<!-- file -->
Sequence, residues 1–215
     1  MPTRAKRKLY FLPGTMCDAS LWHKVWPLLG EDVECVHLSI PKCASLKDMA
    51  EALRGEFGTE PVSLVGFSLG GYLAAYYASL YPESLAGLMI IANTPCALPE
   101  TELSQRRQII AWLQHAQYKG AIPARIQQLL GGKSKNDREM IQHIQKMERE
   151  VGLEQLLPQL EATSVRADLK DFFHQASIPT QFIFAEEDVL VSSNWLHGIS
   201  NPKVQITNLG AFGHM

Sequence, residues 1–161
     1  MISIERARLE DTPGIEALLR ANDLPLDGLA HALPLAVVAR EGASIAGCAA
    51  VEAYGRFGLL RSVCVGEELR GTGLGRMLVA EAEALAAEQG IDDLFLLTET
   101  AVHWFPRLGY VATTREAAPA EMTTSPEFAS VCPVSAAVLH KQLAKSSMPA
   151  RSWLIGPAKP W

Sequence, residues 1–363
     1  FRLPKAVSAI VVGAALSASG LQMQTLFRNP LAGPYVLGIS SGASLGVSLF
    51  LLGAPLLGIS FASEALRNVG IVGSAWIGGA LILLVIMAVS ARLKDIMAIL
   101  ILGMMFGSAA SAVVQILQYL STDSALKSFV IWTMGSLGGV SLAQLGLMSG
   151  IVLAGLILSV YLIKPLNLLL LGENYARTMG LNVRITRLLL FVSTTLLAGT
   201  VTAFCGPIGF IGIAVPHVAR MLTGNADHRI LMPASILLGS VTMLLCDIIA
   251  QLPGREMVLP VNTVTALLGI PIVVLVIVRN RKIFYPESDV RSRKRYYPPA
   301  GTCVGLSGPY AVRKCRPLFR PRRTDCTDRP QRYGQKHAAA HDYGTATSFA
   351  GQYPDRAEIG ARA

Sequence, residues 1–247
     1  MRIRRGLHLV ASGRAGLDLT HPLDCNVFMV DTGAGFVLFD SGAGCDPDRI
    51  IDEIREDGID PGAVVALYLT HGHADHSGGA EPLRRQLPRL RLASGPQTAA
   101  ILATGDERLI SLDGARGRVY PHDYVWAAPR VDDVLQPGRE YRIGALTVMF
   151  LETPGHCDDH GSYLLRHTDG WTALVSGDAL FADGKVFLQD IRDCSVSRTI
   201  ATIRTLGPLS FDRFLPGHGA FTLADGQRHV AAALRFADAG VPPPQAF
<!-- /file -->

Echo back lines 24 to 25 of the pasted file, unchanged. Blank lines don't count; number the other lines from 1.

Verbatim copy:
   101  ILATGDERLI SLDGARGRVY PHDYVWAAPR VDDVLQPGRE YRIGALTVMF
   151  LETPGHCDDH GSYLLRHTDG WTALVSGDAL FADGKVFLQD IRDCSVSRTI